The Secret Diaries of Charlotte Bronte
Jane Eyre and Villette are two of my favorite books, and I’ve always been interested in Charlotte Brontë and her family. I am fascinated by the idea of three sisters, living in a remote Yorkshire village, all becoming published authors and then all dying so young. (Charlotte died from complications of pregnancy in 1855 at the age of 38.)
Syrie James has studied Charlotte’s life and has drawn on many of the sources she studied, such as Charlotte’s letters to her good friend Ellen Nussey and the biography written by Charlotte’s friend, the author Mrs. Gaskell, to tell Charlotte’s story in Charlotte’s own voice.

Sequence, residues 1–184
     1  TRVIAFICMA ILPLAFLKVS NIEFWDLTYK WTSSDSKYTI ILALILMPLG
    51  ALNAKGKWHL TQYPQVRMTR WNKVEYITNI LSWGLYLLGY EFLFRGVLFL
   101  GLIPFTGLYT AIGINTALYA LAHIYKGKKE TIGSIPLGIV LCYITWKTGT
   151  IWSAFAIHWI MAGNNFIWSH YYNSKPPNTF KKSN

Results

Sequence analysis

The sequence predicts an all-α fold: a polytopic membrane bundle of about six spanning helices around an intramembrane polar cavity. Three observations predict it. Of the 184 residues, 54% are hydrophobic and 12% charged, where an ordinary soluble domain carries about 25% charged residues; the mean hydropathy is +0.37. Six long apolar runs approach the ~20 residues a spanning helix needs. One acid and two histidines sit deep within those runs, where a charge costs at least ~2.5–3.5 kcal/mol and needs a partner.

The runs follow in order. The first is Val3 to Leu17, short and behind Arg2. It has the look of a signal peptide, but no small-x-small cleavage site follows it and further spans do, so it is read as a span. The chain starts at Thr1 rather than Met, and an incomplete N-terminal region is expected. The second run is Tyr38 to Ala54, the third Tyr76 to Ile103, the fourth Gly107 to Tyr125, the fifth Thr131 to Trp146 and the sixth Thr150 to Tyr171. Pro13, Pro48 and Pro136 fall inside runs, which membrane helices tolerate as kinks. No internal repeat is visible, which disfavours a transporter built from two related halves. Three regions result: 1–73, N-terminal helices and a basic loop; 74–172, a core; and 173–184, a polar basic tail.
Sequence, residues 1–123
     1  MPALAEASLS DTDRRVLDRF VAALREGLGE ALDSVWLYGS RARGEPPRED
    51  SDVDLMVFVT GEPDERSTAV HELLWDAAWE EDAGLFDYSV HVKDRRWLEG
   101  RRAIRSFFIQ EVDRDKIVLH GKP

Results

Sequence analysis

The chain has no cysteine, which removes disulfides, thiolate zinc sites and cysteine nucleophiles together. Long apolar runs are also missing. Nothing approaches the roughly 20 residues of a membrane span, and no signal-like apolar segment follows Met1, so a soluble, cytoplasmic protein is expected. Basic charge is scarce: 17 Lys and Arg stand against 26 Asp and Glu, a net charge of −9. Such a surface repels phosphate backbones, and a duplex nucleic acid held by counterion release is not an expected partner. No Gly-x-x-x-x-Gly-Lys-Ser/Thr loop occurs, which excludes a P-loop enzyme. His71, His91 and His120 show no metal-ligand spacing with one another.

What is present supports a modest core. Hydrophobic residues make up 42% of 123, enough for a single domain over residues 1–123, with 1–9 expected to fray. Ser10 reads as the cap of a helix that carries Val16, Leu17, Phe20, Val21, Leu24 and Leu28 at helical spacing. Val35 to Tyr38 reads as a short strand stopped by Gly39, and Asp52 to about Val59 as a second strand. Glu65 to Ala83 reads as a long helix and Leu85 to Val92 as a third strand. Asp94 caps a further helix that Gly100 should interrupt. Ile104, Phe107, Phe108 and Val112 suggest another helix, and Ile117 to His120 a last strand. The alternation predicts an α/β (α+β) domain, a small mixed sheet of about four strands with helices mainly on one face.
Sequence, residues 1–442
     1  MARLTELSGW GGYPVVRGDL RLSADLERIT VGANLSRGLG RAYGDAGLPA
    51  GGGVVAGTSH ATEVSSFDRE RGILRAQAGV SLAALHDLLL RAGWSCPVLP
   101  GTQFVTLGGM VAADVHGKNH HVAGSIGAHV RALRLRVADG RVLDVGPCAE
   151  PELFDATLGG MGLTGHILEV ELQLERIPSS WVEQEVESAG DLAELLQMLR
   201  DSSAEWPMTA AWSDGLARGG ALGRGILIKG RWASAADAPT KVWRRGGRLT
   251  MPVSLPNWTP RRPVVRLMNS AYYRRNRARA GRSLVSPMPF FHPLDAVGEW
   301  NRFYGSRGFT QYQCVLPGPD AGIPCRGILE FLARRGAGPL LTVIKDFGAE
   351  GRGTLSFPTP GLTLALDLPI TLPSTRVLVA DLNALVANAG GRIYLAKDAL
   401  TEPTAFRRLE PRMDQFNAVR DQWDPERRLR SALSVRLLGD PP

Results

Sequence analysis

We read about her experiences at boarding school; her time in Belgium teaching at a pensionnat and her attachment to the married headmaster Monsieur Hegér; the evolution of her and her sisters’ writing careers; the decline and death of her alcoholic brother Branwell; the deaths of her sisters Anne and Emily; and her relationship with her father’s curate, Arthur Bell Nicholls, who later became her husband. By the time I finished reading, I had an understanding of how Charlotte’s life experiences are reflected in her novels.
I wasn’t sure I would like this book, but I thoroughly enjoyed it. The author has done a wonderful job. The story of Charlotte’s life flows like a novel and has the sound of a 19th-century diary. I had to keep reading to find out how Charlotte went from disliking Mr. Nicholls to marrying him! The book includes a Q&A with the author, excerpts from selected correspondence of Charlotte Brontë, selected poetry by the Brontës, and a bibliography of Charlotte’s writings. I especially appreciated the information at the end about what the author imagined and what was fact.